Immediately you can see that the first word is a) missing the initial M b) is written [M]irie, not ‘miri as Duncan gives us. This is a vast difference. The article suggests it should be pronounced with three syllables: mi-ree-e (the last e pronounced as in web). That’s a hell of a difference from the two syllables of Duncan’s ‘miri’.

Similarly, on the second line you can quite clearly see that what Duncan has given as ‘foulës song’ is in fact written ‘fugheles song’. They both mean birds’ song, but Duncan has changed the northern dialect word fughel to the word Chaucer would use, ‘fowl or foul’.

I don’t want to be churlish, but I object to this. 1. I prefer to know what the scribe actually wrote and 2. fugheles quite obviously has three syllables unlike ‘foulës’. Or at least there is a flicker of hesitation over the ‘ughe’ which has been removed by turning it onto ‘ou’.

(Also, as explained, none of the originals have the diaeresis over the e – ë – because that is an entirely Duncan invention, put in hte poems to help the reader with the correct pronunciation.)

In other words, any effort made trying to scan Duncan’s version is effort wasted, or led astray, by the fact that he doesn’t print the words of the actual poem! The online article I’ve referred to gives this as the poem’s correct, unexpurgated text:

[M]Irie it is while sumer ilast
with fugheles song
oc nu necheth windes blast
and weder strong.
Ei ei what this nicht is long
And ich with wel michel wrong.
Soregh and murne and [fast].

(Note that the final word, ‘fast’, is not included in the text as we have it, but is a guess by all succeeding editors.)

Conclusion

Study of this one short poem suggests an approach to Duncan’s entire book which is:- to use it to ramble and surf and browse through the wonderful world of medieval lyrics, to let yourself be caught and captivated by individual poems and work with Duncan’s cribs and read up his notes on each one…

But then to use the wonders of the internet to search for the actual original text of each poem, and to get to know that and not the bowdlerised version Duncan has confected for us.

I sing of a mayden

One hundred and thirty-two is a lot of poems and they range from short seven-liners like the above, to the five short stanzas of a classic like ‘I sing of a mayden’, to much longer, wordier, and more complex poems, poems with elaborate refrains such as ‘Alysoun’, or even dialogue poems where alternate verses are spoken by characters.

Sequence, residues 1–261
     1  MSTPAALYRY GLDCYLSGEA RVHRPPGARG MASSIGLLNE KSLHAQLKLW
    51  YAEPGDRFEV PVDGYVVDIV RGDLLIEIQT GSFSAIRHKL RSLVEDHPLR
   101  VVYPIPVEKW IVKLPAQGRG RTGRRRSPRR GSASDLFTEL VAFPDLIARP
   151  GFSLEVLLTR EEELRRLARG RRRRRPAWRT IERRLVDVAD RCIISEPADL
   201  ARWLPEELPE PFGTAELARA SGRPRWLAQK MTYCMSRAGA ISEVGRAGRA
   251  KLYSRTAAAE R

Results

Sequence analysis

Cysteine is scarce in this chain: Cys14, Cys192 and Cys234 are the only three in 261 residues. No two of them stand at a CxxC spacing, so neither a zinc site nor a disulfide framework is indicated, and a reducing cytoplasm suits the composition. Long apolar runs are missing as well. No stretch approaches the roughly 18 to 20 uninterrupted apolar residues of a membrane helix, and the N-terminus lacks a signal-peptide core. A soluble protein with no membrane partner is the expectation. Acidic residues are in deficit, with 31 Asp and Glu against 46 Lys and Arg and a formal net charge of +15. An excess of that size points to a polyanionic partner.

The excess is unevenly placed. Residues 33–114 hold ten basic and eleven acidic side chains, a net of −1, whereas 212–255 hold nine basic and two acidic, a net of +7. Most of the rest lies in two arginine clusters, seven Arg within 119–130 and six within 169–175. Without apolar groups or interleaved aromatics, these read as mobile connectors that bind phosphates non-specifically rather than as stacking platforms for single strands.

‘I sing of a mayden’ is a favourite among fans of this period and has been set to music by many modern composers. Duncan’s version is:

I syng of a mayden
that is makëles:
King of alle kingës
to her sone she chees.

He cam also styllë
ther his moder was
As dewe in Aprylle
that fallëth on the gras.

He cam also styllë
to his moderës bowr
As dew in Aprille
that falleth on the flour.

He cam also stillë
ther his moder lay
As dewe in Aprille
that fallëth on the spray.

Moder and mayden
was never non but she:
Wel may swych a lady
Godës moder be!

It appeals:

  • because of the short simplicity of the lines
  • because of the repetition of the three central verses which vary only the rhyme words was/gras, bowr/flowr, lay/spray
  • because of the sweet innocent purity of the floral imagery
  • and because of the way the simplicity, repetition and natural imagery convey an immensely gentle, sweet and loving relationship between Mary and her beloved son

Does it need translating? As mentioned, Duncan has already bowdlerised it a little, converting the original ‘þ’ into modern ‘th’, and adding his diaeresis e’s to clarify pronunciation and emphasis. The original version of the first two verses reads:

I syng of a mayden
þat is makeles,
kyng of alle kynges
to here sone che ches.

He came also stylle
þer his moder was
as dew in aprylle,
þat fallyt on þe gras.

You can feel the rhythm and the meaning, cant you, but your mind just needs guiding and supporting at a few of the more obscure moments, and this is the merit of Duncan’s ‘cribs’ i.e. printing the meaning of some of the more obscure terms on the same page as the poem. Thus you need to know that ‘makeles’ means ‘matchless’, ‘ches’ means ‘chose’ and that ‘þ’ is pronounced as ‘th’ as in this or that. Once you know that you’re away!